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Love dividends? Then I think you’ll love this FTSE 100 stock yielding 12%!

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If you love dividends, you’re spoilt for choice right now. Recent declines in the FTSE 100 mean that the index’s dividend yield has spiked to 4.6%, giving it one of the highest yields of any stock index in the world. 

This dividend yield of 4.6% is just an average, and there’s a range of companies that offer a higher level of income. Today I’m going to look at the stock with the highest dividend yield in the blue-chip index.

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Income champion

Homebuilder Persimmon (LSE: PSN) has the highest dividend yield in the FTSE 100 at the time of writing.

It’s not difficult to understand why investors are avoiding this company. It has sold substandard homes and paid bosses excessive salaries at the expense of customers and the taxpayer.

At the same time, the government’s Help to Buy scheme has been a critical contributor to profits over the past 10 years, but there’s speculation that policymakers might kick Persimmon out of this scheme unless it improves relations with customers.

For its part, the company’s management has tried to improve relations. It has commissioned independent reviews of its homes and now allows buyers to hold back a percentage of the purchase price until any snags are fixed. 

The good news for income investors is, despite the company’s problems, customers are still queuing up to buy Persimmon’s properties.

At the end of June, the value of the group’s total forward sales of new homes was £1.6bn and total sales for the first six months of 2019 were £1.7bn, down 5.6% year-on-year. In total, the company sold 7,594 new homes during the first half of 2019 at an average selling price of £216,950.

With an average underlying housing operating margin of 30.8% projected for the first six months of 2019, Persimmon’s cash generation remains strong, despite the sales decline.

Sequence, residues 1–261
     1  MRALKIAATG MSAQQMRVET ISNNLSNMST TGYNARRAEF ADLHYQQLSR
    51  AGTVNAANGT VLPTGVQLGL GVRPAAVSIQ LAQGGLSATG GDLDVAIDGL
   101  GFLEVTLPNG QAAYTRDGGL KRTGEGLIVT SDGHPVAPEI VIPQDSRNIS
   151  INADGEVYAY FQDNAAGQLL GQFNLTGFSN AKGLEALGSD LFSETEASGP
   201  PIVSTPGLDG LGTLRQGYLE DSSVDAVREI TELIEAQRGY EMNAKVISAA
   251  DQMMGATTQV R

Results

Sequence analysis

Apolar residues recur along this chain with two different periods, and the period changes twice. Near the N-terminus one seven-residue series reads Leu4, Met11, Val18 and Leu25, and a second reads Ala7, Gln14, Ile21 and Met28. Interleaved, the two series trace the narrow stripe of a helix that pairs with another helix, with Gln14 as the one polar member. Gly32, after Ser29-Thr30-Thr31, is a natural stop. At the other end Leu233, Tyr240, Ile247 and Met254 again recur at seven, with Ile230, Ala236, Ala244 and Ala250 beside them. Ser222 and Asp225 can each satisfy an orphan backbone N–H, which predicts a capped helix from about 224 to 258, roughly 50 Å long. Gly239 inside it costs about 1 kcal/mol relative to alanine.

Cash cow

Cash generation is one of the most important metrics to consider when evaluating the sustainability of a company’s dividend payout. Persimmon’s cash generation for the past few years has been almost second to none, which is why the firm can return so much capital to investors. 

The group entered 2019 with cash reserves of £1.1bn, more than enough to make good on its plan to return surplus capital to shareholders. So far this year, the business has returned around £750m to shareholders, or 235p per share. 

At the end of June, the group held £833m of cash, a figure which includes all cash generated in the first half of the year and an interim payout of £400m. It excludes the second £350m cash return paid on July 2. Following this capital return, I estimate the current cash balance is around £483m, that’s without taking into account any cash generated from operations over the past month-and-a-half.

According to my research, during the second half of 2018, Persimmon booked total cash receipts of around £500m after deducting capital spending and the acquisition of new land. A repeat of this performance in 2019 would leave the company with a cash balance of nearly £1bn at the end of the year, more than enough to continue with the plan to distribute around £750m to shareholders every year.

These figures lead me to conclude that Persimmon’s 12% dividend yield is here to stay for the foreseeable future.

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Rupert Hargreaves owns no share mentioned. The Motley Fool UK has no position in any of the shares mentioned. Views expressed on the companies mentioned in this article are those of the writer and therefore may differ from the official recommendations we make in our subscription services such as Share Advisor, Hidden Winners and Pro. Here at The Motley Fool we believe that considering a diverse range of insights makes us better investors.

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